Anvil This Is Thirteen
Jim and Greg end the show with a review of This Is Thirteen by the Toronto metal band Anvil. Anvil is influential in the speed and thrash communities, but hasn't received much mainstream attention until now. The reason for the increased exposure is the release of the critically acclaimed documentary Anvil! The Story of Anvil, which chronicles the band's tough road. Jim calls Anvil a“meat and potatoes”metal band, but hears the conviction and heart in their music. He gives This is Thirteen a Try It. Greg loves their sound. They aren't on the Motorhead level of fame, but have a similar hard, no-nonsense style. The drummer really kicks it into gear for Greg, and he gives Anvil's new record a Buy It.
Mastodon Crack the Skye
And just when you thought we couldn't rock any harder, Jim and Greg get to their review of heavy metal band Mastodon's latest release Crack the Skye. The quartet also faces bigger exposure with this album, and the question in fans' minds is if they can do it without selling out. Jim and Greg's response: definitely. For Jim, Crack the Skye is dark and disorienting, as metal should be. But, producer Brendan O'Brien helped keep the music melodic and on course. Greg believes the songs‘ emotions will help draw more people in, but without sacrificing Mastodon’s hardcore metal roots. Crack the Skye gets two Buy Its.
Slayer World Painted Blood
Completely shifting gears, Jimand Gregturn their attention to one of the cornerstone metal bands of the past two decades: Slayer. The band has consistently pushed the limits of the genre, and now they are back with their 10th studio album World Painted Blood. When they first emerged, Slayer was full of shock value. Now that some of that has worn off, it's all about the sound. Greg hears more texture added to their trademark speed and aggression. Vocalist Tom Araya is even singing more. It's another fine Slayer album to Greg, and he gives it a Buy It. Jim agrees, and encourages listeners to go see Slayer live. He thinks everyone needs that kind of intensity at least once in their life.
Lou Reed & Metallica Lulu
In the list of rock collaborations we never thought we'd witness, Lou Reed and Metallica are right at the top. A pioneer of punk has joined forces with pioneers of thrash metal for Lulu, an album inspired by the writing of German expressionist playwright Frank Wedekind. Yep it's as strange as it sounds, though Jim reminds us that Reed has gone metal in the past, and well. But here, he is just talking his way through the vocals. And Metallica isn‘t doing him any favors. Jim compares their virtuosity to the kind you’ll hear at Guitar Center. To Greg the album is so dashed off and improvised, its sound like raw demos with no actual songs to be discerned. And he's especially critical of singer James Hetfield's backing vocals. Greg calls Lulu one big raised middle digit to fans; Metallica and Lou Reed get a double Trash It.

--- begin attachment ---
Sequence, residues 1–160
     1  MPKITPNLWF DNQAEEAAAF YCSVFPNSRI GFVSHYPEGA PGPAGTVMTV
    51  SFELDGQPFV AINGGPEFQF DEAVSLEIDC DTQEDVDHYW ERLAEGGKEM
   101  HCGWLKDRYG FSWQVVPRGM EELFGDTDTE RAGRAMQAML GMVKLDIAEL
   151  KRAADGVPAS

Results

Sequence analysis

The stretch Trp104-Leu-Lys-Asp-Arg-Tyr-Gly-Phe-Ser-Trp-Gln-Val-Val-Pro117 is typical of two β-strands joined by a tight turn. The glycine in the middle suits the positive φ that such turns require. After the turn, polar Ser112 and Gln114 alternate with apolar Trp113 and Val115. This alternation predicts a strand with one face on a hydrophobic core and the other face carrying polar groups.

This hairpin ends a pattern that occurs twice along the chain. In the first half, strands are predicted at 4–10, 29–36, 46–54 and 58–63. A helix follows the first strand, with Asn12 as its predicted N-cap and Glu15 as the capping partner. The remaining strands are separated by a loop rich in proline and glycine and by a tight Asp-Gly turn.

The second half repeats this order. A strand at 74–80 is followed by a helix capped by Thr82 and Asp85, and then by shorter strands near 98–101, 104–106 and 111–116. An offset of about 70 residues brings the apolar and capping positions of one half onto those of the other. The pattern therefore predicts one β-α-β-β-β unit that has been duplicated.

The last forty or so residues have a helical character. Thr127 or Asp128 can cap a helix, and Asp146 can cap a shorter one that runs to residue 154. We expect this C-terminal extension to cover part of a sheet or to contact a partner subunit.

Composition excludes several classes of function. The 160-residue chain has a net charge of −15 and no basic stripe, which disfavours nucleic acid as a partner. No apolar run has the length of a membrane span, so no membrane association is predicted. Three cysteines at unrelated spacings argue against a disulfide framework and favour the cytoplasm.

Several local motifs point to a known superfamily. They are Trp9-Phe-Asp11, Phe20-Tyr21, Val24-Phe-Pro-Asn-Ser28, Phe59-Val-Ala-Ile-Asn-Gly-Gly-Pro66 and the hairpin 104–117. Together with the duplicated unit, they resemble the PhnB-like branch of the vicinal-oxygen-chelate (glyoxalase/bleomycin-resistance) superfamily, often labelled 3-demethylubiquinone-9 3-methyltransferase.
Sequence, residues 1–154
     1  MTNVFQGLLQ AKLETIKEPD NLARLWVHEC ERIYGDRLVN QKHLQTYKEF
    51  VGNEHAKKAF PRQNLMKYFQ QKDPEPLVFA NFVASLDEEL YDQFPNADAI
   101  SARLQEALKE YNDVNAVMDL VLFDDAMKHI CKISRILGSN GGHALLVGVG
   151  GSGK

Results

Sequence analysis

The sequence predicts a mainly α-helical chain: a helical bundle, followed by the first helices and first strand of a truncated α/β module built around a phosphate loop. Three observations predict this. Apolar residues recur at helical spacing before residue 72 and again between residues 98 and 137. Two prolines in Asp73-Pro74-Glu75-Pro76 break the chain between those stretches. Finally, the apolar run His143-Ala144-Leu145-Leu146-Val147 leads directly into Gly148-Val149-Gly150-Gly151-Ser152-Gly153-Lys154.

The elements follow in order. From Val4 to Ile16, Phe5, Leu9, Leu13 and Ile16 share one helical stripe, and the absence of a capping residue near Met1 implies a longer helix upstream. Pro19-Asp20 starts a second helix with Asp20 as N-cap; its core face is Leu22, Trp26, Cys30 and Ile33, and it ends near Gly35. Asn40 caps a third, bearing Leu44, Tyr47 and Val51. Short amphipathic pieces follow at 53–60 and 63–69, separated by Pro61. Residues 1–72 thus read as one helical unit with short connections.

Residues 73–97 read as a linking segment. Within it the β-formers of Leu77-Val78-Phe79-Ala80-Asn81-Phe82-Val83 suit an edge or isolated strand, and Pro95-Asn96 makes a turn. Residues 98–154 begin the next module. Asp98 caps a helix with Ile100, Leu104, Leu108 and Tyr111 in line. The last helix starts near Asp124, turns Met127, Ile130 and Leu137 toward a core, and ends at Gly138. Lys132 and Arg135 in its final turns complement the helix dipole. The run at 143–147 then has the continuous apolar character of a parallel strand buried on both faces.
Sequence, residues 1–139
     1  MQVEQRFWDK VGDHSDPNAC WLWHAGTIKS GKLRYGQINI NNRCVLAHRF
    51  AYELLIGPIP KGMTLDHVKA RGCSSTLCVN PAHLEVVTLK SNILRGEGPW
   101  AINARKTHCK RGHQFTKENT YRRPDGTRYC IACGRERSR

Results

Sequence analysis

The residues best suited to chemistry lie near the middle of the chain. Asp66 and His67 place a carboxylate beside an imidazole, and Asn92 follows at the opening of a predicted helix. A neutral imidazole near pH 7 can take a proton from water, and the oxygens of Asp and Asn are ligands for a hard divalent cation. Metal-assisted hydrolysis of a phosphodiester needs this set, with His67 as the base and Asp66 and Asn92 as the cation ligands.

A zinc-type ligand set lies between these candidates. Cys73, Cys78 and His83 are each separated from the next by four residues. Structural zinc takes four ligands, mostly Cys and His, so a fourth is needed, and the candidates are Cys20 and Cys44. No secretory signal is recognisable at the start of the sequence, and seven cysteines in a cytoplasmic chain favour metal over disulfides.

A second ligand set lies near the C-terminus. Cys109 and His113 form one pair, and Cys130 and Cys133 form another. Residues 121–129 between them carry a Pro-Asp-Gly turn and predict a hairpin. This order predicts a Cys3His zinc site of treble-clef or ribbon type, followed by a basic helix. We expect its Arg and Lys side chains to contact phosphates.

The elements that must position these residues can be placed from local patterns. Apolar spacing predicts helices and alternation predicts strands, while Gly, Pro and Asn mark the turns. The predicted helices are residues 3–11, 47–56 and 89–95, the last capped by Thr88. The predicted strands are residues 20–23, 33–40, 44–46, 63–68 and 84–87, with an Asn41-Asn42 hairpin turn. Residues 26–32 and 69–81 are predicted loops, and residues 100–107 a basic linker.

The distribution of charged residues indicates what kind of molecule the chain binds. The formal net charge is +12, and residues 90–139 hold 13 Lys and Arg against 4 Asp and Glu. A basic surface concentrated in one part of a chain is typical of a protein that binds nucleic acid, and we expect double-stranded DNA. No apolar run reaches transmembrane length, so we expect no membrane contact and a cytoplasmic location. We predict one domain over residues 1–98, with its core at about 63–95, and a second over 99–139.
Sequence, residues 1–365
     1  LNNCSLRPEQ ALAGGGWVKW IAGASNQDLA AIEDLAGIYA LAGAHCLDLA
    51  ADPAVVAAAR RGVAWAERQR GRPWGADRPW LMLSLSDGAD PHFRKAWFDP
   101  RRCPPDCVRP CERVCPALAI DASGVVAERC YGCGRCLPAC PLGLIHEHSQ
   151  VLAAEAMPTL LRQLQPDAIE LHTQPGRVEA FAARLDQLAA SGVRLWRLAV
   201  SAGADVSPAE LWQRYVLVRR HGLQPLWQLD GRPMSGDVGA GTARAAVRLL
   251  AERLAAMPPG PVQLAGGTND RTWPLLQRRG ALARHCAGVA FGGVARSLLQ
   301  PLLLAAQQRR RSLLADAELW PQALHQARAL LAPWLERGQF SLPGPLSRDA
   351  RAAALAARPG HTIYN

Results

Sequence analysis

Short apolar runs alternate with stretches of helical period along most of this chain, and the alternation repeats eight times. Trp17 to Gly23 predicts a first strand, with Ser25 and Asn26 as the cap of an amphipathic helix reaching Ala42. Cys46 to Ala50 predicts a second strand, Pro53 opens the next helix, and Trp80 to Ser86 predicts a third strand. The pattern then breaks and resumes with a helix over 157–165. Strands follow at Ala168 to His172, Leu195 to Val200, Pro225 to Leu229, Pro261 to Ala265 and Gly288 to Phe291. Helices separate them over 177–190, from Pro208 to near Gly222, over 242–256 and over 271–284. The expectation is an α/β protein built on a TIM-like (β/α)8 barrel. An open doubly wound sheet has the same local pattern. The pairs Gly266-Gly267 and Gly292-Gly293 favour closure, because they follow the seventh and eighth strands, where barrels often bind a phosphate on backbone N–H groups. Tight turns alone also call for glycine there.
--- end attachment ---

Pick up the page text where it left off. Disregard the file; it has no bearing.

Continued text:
Mastodon The Hunter
Some call Mastodon the saviors of metal. Others…hipster sellouts. But Jim and Greg just think they make terrific music. Combining a little Black Sabbath with a little Melvins, they are experimental and hard rocking without losing their sense of melody and harmony. Their new album The Hunter marks five successful releases in a row. Jim and Greg say Buy It.
Disfear Live the Storm
Switching musical gears entirely, Jim and Greg move on to the new album by Swedish metal band Disfear. Sweden is one of the metal capitals of the world, and Live the Storm is the band's sixth album. And with this latest release, Disfear, new vocalist Tomas Lindberg and producer Kurt Ballou, have brought their music up to a new level. Greg thinks their sound and playing have never been captured better. And, while they are hard to understand, listeners who want to parse the provided lyrics won't be disappointed. Jim puts his opinion more simply: Either you Live the Storm or you don't. In other words, either you want to rock out to Swedish metal or you don‘t. And if you do, you won’t be disappointed by this album. Disfear's Live the Storm gets two Buy Its.
Inspired by a recent trip to Portland, OR for a special taping of the show with Broken Bells (stay tuned to hear it!), Jim spends his latest trip to the Desert Island remembering The City of Roses's 1980's hardcore punk scene. Jim tells us that trailblazers like Greg Sage and his Wire-esque band The Wipers never quite get the credit they deserve for laying the groundwork for Seattle's grunge music explosion in the ‘90’s. (Nirvana actually covered a couple Wipers tunes.) Another prominent Portland-area hardcore band, Poison Idea, was also influenced by Sage. Specifically the band's guitarist, Tom Roberts, better known as Pig Champion. Jim recalls that what Roberts may have lacked in showmanship (he mostly sat on a folding chair while on stage), he made up for in sheer metal guitar prowess. Sadly, Roberts passed away in 2006 at the age of only 47. So this week, Jim pays tribute to both the Portland hardcore scene and Robert's indelible mark on it, by playing a live recording of Poison Idea's Wipers cover "Up Front," which features more than 12-minutes of Robert's virtuoso guitar.Go to episode 455